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Tuesday, March 24, 2015

A new player in the neural learning circuit!

Zebrafish have also become an ideal model for studying vertebrate neuroscience and behavior. "Normal fish startle with changes in noise and light level by bending and swimming away from the annoying stimuli. They do eventually habituate and get used to the alterations in their environment. However, fish mutants fail to habituate -- they never get used to their surroundings and always flinch at the loud noises."
Scientists developed Zebrafish mutants and exposed them to the startle response test. Most fish larvae habituated and stopped reacting to the noise stimulus. Some of the mutants, did, however, fail to habituate and continued to respond to the noise.
One of the mutants was vertebrate-specific gene pregnancy-associated plasma protein-aa (pappaa). This gene encodes an enzyme that cleaves other proteins and works outside the cell. It is known to increase the availability of the hormone IGF at the cell surface, thereby enhancing receptor signaling for the IGF pathway.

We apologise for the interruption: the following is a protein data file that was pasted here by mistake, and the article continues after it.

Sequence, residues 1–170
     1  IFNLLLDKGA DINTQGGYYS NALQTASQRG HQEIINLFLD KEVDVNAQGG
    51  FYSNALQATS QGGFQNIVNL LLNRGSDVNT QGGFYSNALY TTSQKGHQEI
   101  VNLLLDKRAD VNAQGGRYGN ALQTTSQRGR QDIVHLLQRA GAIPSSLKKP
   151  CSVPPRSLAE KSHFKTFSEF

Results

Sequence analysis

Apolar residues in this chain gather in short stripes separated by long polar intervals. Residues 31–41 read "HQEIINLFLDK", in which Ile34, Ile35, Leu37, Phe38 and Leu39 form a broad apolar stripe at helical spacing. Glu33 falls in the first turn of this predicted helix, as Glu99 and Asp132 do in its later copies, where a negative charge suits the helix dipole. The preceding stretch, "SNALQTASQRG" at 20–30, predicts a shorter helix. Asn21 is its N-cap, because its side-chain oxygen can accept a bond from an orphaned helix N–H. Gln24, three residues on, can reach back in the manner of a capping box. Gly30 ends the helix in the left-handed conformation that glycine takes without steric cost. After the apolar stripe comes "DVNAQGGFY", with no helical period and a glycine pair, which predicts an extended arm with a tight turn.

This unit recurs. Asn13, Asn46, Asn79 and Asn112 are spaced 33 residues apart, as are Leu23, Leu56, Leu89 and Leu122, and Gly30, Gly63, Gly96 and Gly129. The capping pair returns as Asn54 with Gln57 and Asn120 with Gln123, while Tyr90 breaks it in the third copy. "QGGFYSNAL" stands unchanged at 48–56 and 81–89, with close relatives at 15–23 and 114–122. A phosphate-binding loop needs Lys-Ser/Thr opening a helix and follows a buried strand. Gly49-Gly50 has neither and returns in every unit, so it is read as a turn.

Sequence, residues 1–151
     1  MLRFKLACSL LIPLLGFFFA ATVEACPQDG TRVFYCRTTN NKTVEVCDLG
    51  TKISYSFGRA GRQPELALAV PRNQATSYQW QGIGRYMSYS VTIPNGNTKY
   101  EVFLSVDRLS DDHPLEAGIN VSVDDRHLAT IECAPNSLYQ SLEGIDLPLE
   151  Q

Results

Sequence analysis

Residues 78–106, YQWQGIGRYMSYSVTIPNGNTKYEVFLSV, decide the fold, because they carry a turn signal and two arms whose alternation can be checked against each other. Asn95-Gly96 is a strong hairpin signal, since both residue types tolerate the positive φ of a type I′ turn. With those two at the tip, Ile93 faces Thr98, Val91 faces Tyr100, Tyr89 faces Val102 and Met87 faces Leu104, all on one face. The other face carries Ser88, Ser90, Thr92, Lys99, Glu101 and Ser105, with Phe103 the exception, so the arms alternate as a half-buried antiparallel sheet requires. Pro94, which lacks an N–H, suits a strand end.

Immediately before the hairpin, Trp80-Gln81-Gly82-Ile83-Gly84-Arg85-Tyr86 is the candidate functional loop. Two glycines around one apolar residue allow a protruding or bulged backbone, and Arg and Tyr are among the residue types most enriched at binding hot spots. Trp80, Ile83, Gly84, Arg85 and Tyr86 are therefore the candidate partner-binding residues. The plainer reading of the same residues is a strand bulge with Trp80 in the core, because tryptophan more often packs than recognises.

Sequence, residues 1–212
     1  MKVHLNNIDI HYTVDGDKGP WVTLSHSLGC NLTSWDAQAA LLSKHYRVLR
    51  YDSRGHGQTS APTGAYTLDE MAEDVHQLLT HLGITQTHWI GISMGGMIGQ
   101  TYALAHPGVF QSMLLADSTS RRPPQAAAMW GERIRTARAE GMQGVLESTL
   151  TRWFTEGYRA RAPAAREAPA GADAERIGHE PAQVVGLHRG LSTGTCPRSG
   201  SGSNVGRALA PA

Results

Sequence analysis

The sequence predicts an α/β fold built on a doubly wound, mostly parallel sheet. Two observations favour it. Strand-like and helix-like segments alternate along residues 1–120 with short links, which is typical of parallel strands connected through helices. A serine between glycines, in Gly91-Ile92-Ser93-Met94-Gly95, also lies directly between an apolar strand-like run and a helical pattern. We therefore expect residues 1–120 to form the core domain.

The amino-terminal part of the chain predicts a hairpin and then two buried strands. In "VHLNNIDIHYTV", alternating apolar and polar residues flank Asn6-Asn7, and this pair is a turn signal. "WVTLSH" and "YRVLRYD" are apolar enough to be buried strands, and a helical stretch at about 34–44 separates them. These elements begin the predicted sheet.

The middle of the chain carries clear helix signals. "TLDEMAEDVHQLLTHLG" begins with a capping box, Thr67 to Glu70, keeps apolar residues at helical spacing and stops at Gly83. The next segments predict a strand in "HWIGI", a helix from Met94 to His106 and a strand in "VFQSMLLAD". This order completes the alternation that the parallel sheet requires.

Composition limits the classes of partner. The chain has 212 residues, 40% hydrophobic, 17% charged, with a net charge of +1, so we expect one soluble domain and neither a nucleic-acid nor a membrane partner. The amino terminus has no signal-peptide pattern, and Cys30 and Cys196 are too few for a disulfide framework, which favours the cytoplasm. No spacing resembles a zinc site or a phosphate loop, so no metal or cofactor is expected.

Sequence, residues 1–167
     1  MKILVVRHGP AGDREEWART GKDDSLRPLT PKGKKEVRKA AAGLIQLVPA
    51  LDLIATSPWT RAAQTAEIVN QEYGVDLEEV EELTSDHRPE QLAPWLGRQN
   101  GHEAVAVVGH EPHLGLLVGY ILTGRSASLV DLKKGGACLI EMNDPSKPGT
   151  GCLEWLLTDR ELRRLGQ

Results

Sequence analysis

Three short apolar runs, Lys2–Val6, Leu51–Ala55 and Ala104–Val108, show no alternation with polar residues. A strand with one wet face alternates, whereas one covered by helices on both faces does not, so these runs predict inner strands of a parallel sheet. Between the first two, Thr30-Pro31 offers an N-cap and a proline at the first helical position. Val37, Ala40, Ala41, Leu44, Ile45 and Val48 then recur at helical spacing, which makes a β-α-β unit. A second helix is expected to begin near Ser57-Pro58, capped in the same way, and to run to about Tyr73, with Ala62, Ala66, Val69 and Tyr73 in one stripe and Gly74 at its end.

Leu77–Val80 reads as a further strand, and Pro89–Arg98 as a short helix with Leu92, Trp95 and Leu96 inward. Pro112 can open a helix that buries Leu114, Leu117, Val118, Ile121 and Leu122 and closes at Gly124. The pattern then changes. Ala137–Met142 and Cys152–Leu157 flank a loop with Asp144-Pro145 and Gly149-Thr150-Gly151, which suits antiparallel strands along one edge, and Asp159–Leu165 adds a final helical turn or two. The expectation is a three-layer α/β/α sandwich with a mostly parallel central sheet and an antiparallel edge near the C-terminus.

A role of the PAPPAA enzyme in or on neurons had not been described; however, IGF is known to be an important molecule in pathways that determine long-term memory.
The team verified the involvement of the IGF pathway by rescuing mutant behavior to normal by adding an activator of downstream molecules that interact with the IGF receptor. Mutants that were treated this way, when put back in the startle test, reacted normally and habituated to the loud noise. Also, when the team used an inhibitor of the IGF receptor in normal zebrafish larvae, these fish showed the same behavior in the startle test as the pappaa mutants. This all indicates that the pappaa gene promotes learning by acutely and locally increasing IGF availability to the cell.